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What is the 5-in-One Vaccine?

At two, three and four months, your baby will be called to have the 5-in-0ne or DTaP/IPV/Hib vaccine, but what is it for and why does your baby need it?


Posted: 7 January 2009
by Laura Lee Davies


From birth there are various vaccinations offered for your baby. You have the right to choose whether or not you take these up, but almost all are strongly recommended. If you have any concerns regarding the vaccinations themselves or if your baby has a medical condition which may make vaccinations at a certain time inadvisable, your GP will be able to discuss this with you before you go ahead.
However, the 5-in-One is a very routine series of vaccinations and most babies do not suffer severe side effects from them.

The 5-in-one (DTaP/IPV/Hib) vaccine PLUS the PCV vaccine
The 5-in-one vaccine was introduced in the UK in 2004, but has been used in Canada since 1997. The single injection is given to babies at 2, 3 and 4 months and then repeated sometime between 3 and 5 years.
NB At the same time as the two-month and four-month 5-in-One appointments the PCV injection against flu is also given. At the three-month appointment, the MenC injection (against Meningitis C) is given as well as the 5-in-one.

The 5-in-one

  • Diptheria - Now rare in the UK because of a programme of childhood immunisations since the 1940s, the highly contagious disease is still a problem in other parts of the world, with several recent epidemics, and is most often picked up when travelling. The disease begins with a sore throat and affects the upper respiratory tract (nose, throat, voice box and upper windpipe), the heart and nervous systems and, sometimes, the skin. It's a very serious disease that affects all ages and can be fatal.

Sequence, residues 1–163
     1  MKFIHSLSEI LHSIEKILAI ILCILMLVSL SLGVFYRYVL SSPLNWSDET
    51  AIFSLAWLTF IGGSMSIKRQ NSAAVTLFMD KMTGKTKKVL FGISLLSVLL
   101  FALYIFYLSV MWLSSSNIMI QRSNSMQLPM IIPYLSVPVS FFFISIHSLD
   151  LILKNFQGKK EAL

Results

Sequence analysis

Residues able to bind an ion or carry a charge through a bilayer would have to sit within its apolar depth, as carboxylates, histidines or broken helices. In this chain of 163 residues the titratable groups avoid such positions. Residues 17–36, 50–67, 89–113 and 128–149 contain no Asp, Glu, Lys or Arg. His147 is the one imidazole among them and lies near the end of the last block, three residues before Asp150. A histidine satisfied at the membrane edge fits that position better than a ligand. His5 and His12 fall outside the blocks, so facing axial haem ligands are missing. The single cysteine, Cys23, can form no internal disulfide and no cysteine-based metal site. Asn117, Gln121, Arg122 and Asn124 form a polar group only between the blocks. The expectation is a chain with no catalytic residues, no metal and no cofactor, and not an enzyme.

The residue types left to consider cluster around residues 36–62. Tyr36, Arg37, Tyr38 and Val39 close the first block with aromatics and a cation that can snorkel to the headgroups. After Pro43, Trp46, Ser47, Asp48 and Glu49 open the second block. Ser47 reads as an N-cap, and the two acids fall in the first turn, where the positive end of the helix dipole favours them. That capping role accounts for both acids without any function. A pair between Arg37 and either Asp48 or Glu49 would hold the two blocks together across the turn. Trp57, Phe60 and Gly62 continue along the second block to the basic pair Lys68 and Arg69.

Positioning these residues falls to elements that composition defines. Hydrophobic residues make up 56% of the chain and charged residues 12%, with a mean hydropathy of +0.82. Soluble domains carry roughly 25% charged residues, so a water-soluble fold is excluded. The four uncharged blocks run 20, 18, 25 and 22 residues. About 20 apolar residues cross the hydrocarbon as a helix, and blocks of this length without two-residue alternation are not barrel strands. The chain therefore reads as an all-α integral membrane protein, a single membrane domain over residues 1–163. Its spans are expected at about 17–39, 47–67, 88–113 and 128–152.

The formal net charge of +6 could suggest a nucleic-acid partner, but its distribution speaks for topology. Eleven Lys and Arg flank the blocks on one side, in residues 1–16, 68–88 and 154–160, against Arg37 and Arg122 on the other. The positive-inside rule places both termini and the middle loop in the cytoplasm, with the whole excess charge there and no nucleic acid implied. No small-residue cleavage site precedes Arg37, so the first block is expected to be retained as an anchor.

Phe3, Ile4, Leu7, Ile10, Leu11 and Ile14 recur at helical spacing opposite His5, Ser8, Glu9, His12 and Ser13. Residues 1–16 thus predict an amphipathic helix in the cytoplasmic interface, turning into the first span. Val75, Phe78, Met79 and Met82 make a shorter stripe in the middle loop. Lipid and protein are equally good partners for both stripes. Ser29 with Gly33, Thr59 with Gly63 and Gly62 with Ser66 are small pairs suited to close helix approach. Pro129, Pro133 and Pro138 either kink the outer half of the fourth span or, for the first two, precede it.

• Tetanus - Tetanus-causing bacteria usually enter the body through a wound such as a cut or animal bite, and are often found in soil or on plants. If you are not immune to the illness it affects your nerves and muscles and can be fatal. Immunisation is the only way to protect against tetanus and the immunisation programme has been very successful in making it a rare illness. A full course of tetanus immunisation consists of five doses of vaccine, which your child will have completed by the time he or she leaves school.

  • Pertussis (Whooping cough) - Pertussis is a serious disease for babies under six months, and can be fatal, which is why babies are immunised very early on. For older children and adults the illness is less serious, but still unpleasant with long periods of coughing followed by vomiting and choking, that can last for several weeks. Thanks to a widespread programme of immunisation the disease is no longer very common in the UK, but it still poses a risk to your baby if s/he is not immunised.

  • Polio - Polio is a virus that attacks the nervous system, it used to be the most common cause of paralysis in young people and can be fatal. The long-running vaccination programme has meant that polio is now extremely rare in the UK, however, it is still a problem in several developing countries, such as India.

  • Hib ('Haemophilus Influenzae') - Hib is a highly infectious bacteria that can lead to several serious illnesses such as epiglottitis, blood poisoning, pneumonia and meningitis.

Read more about how you can prepare for vaccinations and care for your baby afterwards.


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